The Minister mentioned that the extra stage might speed up the process in the country from which the children are coming. Applicants must choose a country, prove their links to and interest in it and then stick with it. It would be unfortunate if, as sometimes happens for political reasons, that country were to close its overseas adoption programme. The couple would have to go to another country for reassessment, which means another panel sending a reference to the Department of Health. Other European countries with a strong commitment to the development of children's welfare create packages, including tax breaks and adoption leave, which help applicants to succeed in bringing needy children into their family.

We will deal with the issue of adoption services in our deliberations on clause 2 next week. We hear that although local authorities will be legally obliged to carry out assessments of need, they will not be required to provide adoption support services. If we are going to impose a greater requirement on local authorities to provide services to adoptive families, we should take children adopted from overseas into consideration. Their needs are no less than those of an adopted child from this country—in fact, often their needs are greater because of the additional problems of assimilating a child from a foreign culture who speaks a foreign language and so on.

New clause 3 would ensure that intercountry adopters would not suffer discrimination and that they would receive the same support as all other adoptions. It would also ensure that cost or differences between local authorities will not create a disincentive to home assessment. Those are the principles behind the new clause, which I commend to the Committee.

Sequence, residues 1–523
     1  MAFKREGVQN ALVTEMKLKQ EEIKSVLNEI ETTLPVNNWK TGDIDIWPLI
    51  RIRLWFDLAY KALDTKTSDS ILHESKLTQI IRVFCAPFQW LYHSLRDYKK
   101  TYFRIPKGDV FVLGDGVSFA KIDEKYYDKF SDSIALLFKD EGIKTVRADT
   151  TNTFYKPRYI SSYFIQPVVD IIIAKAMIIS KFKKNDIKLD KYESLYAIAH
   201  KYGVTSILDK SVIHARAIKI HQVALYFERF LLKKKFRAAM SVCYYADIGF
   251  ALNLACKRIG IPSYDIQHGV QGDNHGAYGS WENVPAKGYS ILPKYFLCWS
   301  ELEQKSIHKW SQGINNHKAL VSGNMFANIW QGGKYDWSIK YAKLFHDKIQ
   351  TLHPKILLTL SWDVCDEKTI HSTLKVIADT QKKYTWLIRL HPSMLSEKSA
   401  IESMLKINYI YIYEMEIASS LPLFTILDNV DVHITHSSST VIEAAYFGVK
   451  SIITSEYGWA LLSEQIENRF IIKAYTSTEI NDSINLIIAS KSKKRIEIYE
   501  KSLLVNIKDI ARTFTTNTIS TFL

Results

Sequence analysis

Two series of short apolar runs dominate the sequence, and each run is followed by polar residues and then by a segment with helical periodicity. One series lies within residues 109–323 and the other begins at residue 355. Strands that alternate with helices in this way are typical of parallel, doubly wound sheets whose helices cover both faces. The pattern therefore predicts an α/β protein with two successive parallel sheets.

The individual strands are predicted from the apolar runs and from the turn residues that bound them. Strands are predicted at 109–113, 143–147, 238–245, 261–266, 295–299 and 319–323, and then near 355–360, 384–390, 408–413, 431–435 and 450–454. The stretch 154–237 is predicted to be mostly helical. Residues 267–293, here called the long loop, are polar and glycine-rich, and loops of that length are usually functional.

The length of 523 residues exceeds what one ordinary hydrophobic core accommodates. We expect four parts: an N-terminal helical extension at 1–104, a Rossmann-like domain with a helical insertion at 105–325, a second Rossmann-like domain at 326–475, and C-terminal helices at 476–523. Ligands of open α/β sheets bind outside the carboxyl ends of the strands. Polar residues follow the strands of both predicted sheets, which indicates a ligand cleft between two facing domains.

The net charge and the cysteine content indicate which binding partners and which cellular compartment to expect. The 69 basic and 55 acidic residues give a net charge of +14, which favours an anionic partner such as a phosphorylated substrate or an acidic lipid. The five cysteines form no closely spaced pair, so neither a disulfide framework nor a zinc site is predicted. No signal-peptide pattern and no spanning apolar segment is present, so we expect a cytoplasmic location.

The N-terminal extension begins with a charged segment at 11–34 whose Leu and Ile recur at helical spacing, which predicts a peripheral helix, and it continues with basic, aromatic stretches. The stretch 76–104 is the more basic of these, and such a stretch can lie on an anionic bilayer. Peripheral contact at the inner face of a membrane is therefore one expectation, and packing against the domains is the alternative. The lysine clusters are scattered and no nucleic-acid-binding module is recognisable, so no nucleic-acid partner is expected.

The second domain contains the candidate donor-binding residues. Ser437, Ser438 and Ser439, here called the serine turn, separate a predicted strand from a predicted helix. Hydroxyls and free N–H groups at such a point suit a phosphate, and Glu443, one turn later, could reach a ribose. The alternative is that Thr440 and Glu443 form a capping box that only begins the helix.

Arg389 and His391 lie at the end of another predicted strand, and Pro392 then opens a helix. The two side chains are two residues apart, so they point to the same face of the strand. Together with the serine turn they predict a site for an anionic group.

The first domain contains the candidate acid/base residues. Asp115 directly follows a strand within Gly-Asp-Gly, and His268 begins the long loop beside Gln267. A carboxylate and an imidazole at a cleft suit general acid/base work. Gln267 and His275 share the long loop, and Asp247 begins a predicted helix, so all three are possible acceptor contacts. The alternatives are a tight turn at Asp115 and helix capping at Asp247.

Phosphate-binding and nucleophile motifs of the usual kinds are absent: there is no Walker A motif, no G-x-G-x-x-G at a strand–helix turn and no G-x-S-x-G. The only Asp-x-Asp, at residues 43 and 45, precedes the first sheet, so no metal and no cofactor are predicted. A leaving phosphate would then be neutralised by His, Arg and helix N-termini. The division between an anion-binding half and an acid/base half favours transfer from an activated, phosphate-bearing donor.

Jacqui Smith: The hon. Gentleman suggests that the Government are unsympathetic to intercountry adoption, even though I have made it clear that that is not the case. To reinforce the point, I remind him that we had a lengthy debate last week about putting the child at the centre of the adoption process. That is right, whether in domestic or in intercountry adoptions. The Government have clearly stated that when it is in the interests of the child to be adopted through an intercountry adoption, the same safeguards apply as for domestic adoptions. Support and services should be available for people engaged in intercountry adoptions.

The hon. Gentleman suggests that the number of intercountry adoptions was falling—

Tim Loughton: No.

Jacqui Smith: I am glad to hear that, because the number of intercountry adoptions has increased. He compared, apparently unfavourably, the number of intercountry adoptions in this country with those in France and other European countries. He should remember that the United Kingdom has more domestic adoptions that any other European country. France and Denmark, for example, have barely any domestic adoptions, which means that their people are more likely to adopt from overseas. Other countries also adopt less from care, hence more people adopt from abroad. Only about 1 per cent. of children in care in Norway are adopted, and about 1.5 per cent. in France.

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Prepared 6 December 2001